For me, and I know I'm in the minority here, the film feels very bland. It comes across like a `made for television' movie, very middle of the road and amateurish. The performances are all decent, but nothing truly admirable (except Alessandro Nivola, who has a small but important part, and he plays it flawlessly). John Cusack's approach to grief is very one-note. He just looks grumpy throughout the entire film. In fact, the films conclusion is the only part to remotely works for me, for it shows a father actually being a father. Yes, I understand that grief is a very tumultuous thing, and it affects people differently; I just wish that Cusack had found the layers within his character. It is preposterous to conclude that his daughters wouldn't figure out what was going on; I mean, their father doesn't even shower. It was an overstated depiction of grief to me. I have seen people shut down when a loved one dies, but when you have children you can't really `shut down' to the extent that Stanley does.
It feels like a performance, not something genuine. Watch Tom Wilkinson in `In the Bedroom' for an accurate and stunning portrayal of grief.
The other aspect of the film that I found rather distracting was the way it couldn't clearly decide what film it wanted to be. It fluctuated between a film about grief to a film about war, and I think that the political stand it was trying to make actually took away from the film. It is a part of Stanley that needed to be expressed in order to flesh out his character, and so I respect that decision, but they needed more time to make it feel more than just a random expression. The film is barely over an hour in length and so it almost feels simplistic, never really `going there' as it needed to in order to make either of the films two primary topics connect with the viewer.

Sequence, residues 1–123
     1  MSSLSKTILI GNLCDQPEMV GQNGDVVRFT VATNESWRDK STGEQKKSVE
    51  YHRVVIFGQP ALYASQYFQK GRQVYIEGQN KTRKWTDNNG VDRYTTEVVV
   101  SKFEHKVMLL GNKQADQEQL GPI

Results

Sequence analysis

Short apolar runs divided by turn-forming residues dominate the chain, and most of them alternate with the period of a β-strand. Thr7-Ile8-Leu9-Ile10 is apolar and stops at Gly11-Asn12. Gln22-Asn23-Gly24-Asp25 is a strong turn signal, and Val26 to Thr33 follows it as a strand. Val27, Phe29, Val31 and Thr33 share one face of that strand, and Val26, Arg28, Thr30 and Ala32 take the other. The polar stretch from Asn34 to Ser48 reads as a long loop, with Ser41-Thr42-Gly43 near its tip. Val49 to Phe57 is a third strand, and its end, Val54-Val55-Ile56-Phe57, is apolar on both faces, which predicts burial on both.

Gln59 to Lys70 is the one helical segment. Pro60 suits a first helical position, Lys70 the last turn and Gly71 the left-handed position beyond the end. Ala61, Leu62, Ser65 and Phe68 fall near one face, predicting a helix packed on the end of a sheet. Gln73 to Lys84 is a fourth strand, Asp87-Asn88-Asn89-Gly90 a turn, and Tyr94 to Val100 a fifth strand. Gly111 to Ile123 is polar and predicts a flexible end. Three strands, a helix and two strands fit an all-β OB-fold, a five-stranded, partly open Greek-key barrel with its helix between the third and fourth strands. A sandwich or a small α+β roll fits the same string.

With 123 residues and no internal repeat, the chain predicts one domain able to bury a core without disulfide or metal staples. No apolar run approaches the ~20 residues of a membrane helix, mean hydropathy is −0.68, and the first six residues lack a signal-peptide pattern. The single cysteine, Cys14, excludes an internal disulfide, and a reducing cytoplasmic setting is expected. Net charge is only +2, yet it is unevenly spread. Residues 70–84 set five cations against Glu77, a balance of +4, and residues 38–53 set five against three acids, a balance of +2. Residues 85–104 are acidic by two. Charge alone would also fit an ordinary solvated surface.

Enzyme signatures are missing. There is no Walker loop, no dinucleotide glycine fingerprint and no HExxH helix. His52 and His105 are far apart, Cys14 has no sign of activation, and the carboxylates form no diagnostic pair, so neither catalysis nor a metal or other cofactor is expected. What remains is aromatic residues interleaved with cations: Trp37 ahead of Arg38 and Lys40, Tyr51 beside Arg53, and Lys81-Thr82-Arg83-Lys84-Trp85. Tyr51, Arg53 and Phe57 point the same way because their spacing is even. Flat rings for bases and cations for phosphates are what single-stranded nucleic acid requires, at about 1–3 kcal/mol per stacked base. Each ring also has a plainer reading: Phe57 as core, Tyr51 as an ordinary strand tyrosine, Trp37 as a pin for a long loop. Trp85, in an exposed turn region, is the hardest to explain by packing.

I've read some complaints (not here necessarily) about the way in which the climax is delivered to the audience. Personally, the films conclusion is the best part of the film. The way the dialog is stripped during the theme park scene (and another pertinent scene) and the facial expressions (happy or sad) are allowed to do all the talking for us was truly inspired and beautifully tailored to elicit our deepest emotional sympathies. Yes, I broke down in tears at the final scene (which did feel more manipulated than anything else) but one small speckle of brilliance (I don't consider the manipulated emotions brilliance, but the two scenes leading up to it are) doesn't make the film worth watching. There are far better films that tackle this subject (`In the Bedroom' for one) and so I'd recommend you watch one of those."